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 Table of Contents  
CASE REPORT
Year : 2018  |  Volume : 9  |  Issue : 4  |  Page : 202-204

Schwannoma of the base of the tongue mimicking fibroma


Department of Dentistry, Dr. RPGMC, Kangra, Himachal Pradesh, India

Date of Web Publication18-Dec-2018

Correspondence Address:
Neera Ohri
Ohri Market, Kangra - 176 001, Himachal Pradesh
India
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DOI: 10.4103/srmjrds.srmjrds_35_18

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  Abstract 

Schwannoma is a slow-growing benign tumor of the nerve sheath. It originates from the Schwann cell of the peripheral, autonomic, and cranial nerve. It is usually a single, circumscribed, firm, painless lesion of variable size. 25%–40% of all schwannomas are considered to affect the head and neck region, with the parapharyngeal space being the most common location. Only 1% of cases are intraoral. The treatment of choice is surgical excision of the tumor. Schwannomas do not show recurrence if completely excised. We report a case of schwannoma of the base of the tongue mimicking fibroma.

Keywords: Fibroma, schwannoma, tongue


How to cite this article:
Rana SS, Ohri N. Schwannoma of the base of the tongue mimicking fibroma. SRM J Res Dent Sci 2018;9:202-4

How to cite this URL:
Rana SS, Ohri N. Schwannoma of the base of the tongue mimicking fibroma. SRM J Res Dent Sci [serial online] 2018 [cited 2019 Jul 23];9:202-4. Available from: http://www.srmjrds.in/text.asp?2018/9/4/202/247841


  Introduction Top


The schwannoma also known as neurilemmoma or perineural fibroblastoma is a rare benign neural tumor arising from the neural sheath's Schwann cells of the peripheral, cranial (except the optic and olfactory nerves), or autonomic nerves.[1]

25%–40% of all schwannomas are considered to affect the head and neck region, with the parapharyngeal space being the most common location. Only 1% of cases are intraoral. The intraoral lesions show a predilection for the tongue, followed by the palate, buccal mucosa, lip, and gingiva. Schwannomas of the tongue typically present in the third decade of life and display no gender predilection. The treatment of choice is surgical excision of the tumor most commonly by transoral approach.[2]

The treatment of choice is surgical excision of the tumor. Schwannomas do not show recurrence if completely excised. We report a case of schwannoma of the base of the tongue.


  Case Report Top


A 17-year-old young male patient was reported to our department with a small swelling on the base of the tongue [Figure 1]. He noticed this swelling two month back. His only symptom was he feels discomfort with this swelling. During oral examination, a 12 mm × 10 mm mass was seen on the base of the tongue. The mass was smooth, firm, non tender, well demarcated, the overlying mucosa was normal. A provisional diagnosis of fibroma was made and swelling was planned for surgical excision. Excision of the mass was done under local anesthesia by transoral approach. Soft-tissue specimen was sent for histopathological examination. The biopsy report revealed a schwannoma [Figure 2].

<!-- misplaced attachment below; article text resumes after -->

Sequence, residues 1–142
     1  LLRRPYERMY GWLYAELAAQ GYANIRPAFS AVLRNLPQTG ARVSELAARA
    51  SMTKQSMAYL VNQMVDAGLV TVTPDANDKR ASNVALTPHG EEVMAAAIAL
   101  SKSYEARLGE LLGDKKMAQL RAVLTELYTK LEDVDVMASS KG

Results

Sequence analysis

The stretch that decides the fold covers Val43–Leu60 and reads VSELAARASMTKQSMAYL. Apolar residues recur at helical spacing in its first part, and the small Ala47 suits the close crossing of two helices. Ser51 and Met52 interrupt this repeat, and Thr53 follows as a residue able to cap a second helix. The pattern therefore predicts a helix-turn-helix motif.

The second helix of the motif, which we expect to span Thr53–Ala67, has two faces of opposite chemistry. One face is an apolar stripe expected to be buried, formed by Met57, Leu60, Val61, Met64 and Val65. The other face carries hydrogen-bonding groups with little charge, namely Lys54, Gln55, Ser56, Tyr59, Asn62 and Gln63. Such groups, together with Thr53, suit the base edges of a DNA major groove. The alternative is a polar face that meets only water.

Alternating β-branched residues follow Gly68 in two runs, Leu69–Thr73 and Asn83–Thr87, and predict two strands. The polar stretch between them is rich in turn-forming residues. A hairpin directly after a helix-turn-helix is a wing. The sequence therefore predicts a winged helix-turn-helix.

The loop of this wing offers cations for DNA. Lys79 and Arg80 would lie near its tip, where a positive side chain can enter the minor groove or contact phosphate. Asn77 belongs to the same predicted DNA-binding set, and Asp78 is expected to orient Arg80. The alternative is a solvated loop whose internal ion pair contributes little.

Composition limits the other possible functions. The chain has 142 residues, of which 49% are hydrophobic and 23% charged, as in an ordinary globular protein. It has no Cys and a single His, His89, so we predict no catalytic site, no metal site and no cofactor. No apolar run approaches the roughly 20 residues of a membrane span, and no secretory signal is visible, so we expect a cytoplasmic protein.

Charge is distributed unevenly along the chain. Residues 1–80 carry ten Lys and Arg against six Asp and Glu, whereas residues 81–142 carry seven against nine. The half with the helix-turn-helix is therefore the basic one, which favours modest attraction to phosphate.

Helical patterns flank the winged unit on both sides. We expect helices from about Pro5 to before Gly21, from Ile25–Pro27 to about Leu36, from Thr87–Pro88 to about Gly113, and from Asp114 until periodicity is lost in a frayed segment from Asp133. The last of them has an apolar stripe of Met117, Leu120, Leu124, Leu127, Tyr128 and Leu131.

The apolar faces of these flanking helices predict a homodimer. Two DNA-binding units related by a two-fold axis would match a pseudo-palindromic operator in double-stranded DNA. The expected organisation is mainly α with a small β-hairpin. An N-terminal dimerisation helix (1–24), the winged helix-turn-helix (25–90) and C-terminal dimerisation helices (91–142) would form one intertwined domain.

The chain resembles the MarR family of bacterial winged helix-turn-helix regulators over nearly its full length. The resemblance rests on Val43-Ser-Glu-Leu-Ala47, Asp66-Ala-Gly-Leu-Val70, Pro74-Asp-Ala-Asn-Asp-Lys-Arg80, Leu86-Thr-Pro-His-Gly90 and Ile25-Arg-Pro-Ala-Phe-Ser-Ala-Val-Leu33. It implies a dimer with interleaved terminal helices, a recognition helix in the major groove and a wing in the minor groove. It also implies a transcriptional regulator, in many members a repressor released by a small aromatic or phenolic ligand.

Figure 1: Swelling on the base of the tongue

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Figure 2: Verocay bodies is surrounded by Antoni A areas (H and E, ×40)

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  Discussion Top


Schwannoma is a slow-growing benign tumor of the nerve sheath. It originates from the Schwann cell of the peripheral, autonomic, and cranial nerves. It is usually a single, circumscribed, firm, painless lesion of variable size.[3]

In 1910, Verocay first described a group of neurogenic tumors that he referred to as “neurinomas.”[4] In 1935, it was proposed that these tumors arose from the nerve sheath elements and they were termed “neurilemmomas.”[5] It was now felt that the Schwann cell is the common precursor for most nerve sheath tumors.[6]

Head and neck schwannoma can arise from any cranial nerve, except olfactory and optic nerves, as they are extensions of white matter from the brain. More than 90% of intracranial schwannomas involve the eighth cranial nerve, more commonly superior vestibular division of the nerve. In decreasing order, trigeminal, glossopharyngeal, and vagus nerves also form schwannoma in both intra- and extracranial parts. Schwannomas rarely form on the hypoglossal nerve.[7]

Embryologically, Schwann cells arise during the 4th week of development from a specialized population of ectomesenchymal cells of the neural crest, which then detach from the neural tube and migrate into the embryo. Schwann cells form a thin barrier around each extracranial nerve fiber and wrap larger fibers with an insulating membrane, myelin sheath, to enhance nerve conductance. As nerves exit the brain and spinal cord, there is a change between myelination by oligodendrocytes and myelination by Schwann cells. Schwannomas arise when proliferating Schwann cells form a tumor mass (unknown etiology), encompassing motor and sensory peripheral nerves. Only 50% of these tumors have a direct relation with a nerve.[8],[9]